Base Stocks

Base Oil Report: Pricing


Base Oil Report: Pricing

Hope and Rebirth

While visiting the “Ramses the Great” Exhibit at the de Young Museum in San Francisco, I learned that the ancient Egyptians believed in the rebirth of the soul. “Rebirth” also means that something might flourish after a decline. The end of the year often brings the opportunity to ponder about events that took place during the previous months and incites thoughts of reinvention. Will the base oils and lubricants industry experience a rebirth in 2023?

At the start of 2022, there was a sense of optimism as daily life seemed to regain a semblance of normalcy following two years of unforeseen conditions brought by the COVID-19 pandemic. But in late February, Russia launched a war against Ukraine, triggering a series of destabilizing effects, including volatility in crude oil and feedstock prices—a condition that impacted base oil values for the rest of the year.  

Russia’s attacks on Ukraine prompted a United States ban on Russian oil, liquified natural gas and coal imports in early March and sent crude values to 13-year highs. During the first week of March, West Texas Intermediate skyrocketed to above $120 per barrel. Crude futures remained volatile for most of the year, and concerns about a global recession, rising inflation and reduced crude demand in China plunged WTI prices to the low $70s/bbl by early December.

The U.S. also faced a potential national rail strike that month, which would have paralyzed the transportation of innumerable products and crippled economic activity. 

Additionally, record low water levels in the Mississippi River and its tributaries due to a drought in the Midwest caused transportation issues and raised barge shipping costs as vessels were forced to lighten their loads. 

Industry participants admitted it was difficult to forecast product needs for 2023, as market trends had not been consistent with those from previous years. While base oil supply typically outstrips demand in the last three months of the year, the situation in late 2022 was exacerbated by persistent additive supply issues, which led to reduced base stock demand from finished products segments. Additionally, rising inflation and economic uncertainties dampened consumer confidence along with fuels and lubricants consumption.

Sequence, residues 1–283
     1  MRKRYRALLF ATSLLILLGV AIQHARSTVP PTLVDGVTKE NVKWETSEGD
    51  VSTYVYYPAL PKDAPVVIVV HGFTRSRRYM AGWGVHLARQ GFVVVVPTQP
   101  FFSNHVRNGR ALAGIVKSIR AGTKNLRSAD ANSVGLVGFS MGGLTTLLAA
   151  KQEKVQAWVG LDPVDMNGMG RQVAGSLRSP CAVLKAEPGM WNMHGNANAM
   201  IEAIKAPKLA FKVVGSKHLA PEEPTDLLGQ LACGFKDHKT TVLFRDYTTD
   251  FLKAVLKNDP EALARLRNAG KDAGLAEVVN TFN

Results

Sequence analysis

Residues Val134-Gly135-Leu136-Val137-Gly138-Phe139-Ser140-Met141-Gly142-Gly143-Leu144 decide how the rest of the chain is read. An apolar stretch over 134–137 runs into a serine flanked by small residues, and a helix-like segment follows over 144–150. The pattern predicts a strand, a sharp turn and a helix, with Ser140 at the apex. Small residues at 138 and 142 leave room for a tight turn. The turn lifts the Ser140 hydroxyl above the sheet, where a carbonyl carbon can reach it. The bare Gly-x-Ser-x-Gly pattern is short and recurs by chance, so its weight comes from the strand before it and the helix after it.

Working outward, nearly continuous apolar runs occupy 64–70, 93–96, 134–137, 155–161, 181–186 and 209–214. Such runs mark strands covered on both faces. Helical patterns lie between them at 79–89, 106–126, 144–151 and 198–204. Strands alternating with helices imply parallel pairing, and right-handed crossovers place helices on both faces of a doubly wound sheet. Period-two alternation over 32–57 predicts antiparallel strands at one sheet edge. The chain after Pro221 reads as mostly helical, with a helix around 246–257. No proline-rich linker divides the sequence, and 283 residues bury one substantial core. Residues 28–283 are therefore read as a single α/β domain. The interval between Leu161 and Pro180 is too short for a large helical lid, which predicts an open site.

By the end of 2022, additive supply conditions were improved compared to two or three months earlier when many customers had been placed under strict sales allocations due to production outages. Lingering issues affecting certain sectors were not anticipated to be resolved until mid-2023, particularly for additives used in gear oils and certain industrial applications. 

The base oil supply-demand imbalance continued to place downward pressure on values, with spot prices edging down as suppliers tried to encourage orders, particularly domestically, since export opportunities had dwindled due to muted buying interest and high freight rates. 

While plentiful availability of API Group I and Group II base oils exerted downward pressure on pricing, values for Group III grades were relatively stable on healthy demand, although supply of 6-cSt and 8-cSt grades began to lengthen. 

Despite strong demand for diesel, margins weakened in early December compared to base oils, and there was less incentive for refiners to trim base stock production rates or to use light grades for fuel blending. Many suppliers also released extra inventories kept in case of hurricane-related production disruptions.

There were no posted base oil price revisions, but reports emerged of U.S. suppliers granting temporary voluntary allowances into select domestic contract accounts. Producers expected the market to tighten in the first quarter given a fairly busy plant maintenance schedule, lending more stability to pricing.

An extended turnaround at a large Group II facility on the Gulf Coast in late January lasting up to two months was likely to limit spot availability. A second Group II producer was expected to complete maintenance in the first quarter, and a third Group I/II producer was planning to start a two-week turnaround in late March.

Buying interest remained healthy for naphthenics, particularly from the transformer oil, tire and rubber manufacturing segments. A planned turnaround at Calumet’s naphthenic plant in October and unexpected production issues at another facility earlier in the year contributed to a tight supply and demand ratio. A planned turnaround at San Joaquin Refining’s unit in late January may prolong snug conditions, offering support to the prevailing price structure despite the slump in crude and feedstock values.

What can the base oils market expect in 2023? While many factors are difficult to predict, there will be increased efforts to work on sustainability and emission targets as well as to maintain steady production rates, healthy consumption levels and stable pricing.

Gabriela Wheeler is base oil editor for Lubes’n’Greases. Contact her at

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